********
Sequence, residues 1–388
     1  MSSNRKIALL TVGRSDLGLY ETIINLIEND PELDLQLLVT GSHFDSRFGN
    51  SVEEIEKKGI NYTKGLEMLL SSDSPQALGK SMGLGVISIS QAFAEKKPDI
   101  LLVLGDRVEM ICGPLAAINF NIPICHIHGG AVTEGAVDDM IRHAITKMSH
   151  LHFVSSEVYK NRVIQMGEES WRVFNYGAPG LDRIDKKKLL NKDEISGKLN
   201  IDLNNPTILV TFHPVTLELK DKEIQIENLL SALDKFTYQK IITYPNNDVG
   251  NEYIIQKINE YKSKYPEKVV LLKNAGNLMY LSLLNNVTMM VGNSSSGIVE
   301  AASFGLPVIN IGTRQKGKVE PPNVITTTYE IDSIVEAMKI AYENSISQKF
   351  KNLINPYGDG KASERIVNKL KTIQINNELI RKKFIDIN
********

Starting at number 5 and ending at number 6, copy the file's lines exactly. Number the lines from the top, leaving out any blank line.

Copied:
   151  LHFVSSEVYK NRVIQMGEES WRVFNYGAPG LDRIDKKKLL NKDEISGKLN
   201  IDLNNPTILV TFHPVTLELK DKEIQIENLL SALDKFTYQK IITYPNNDVG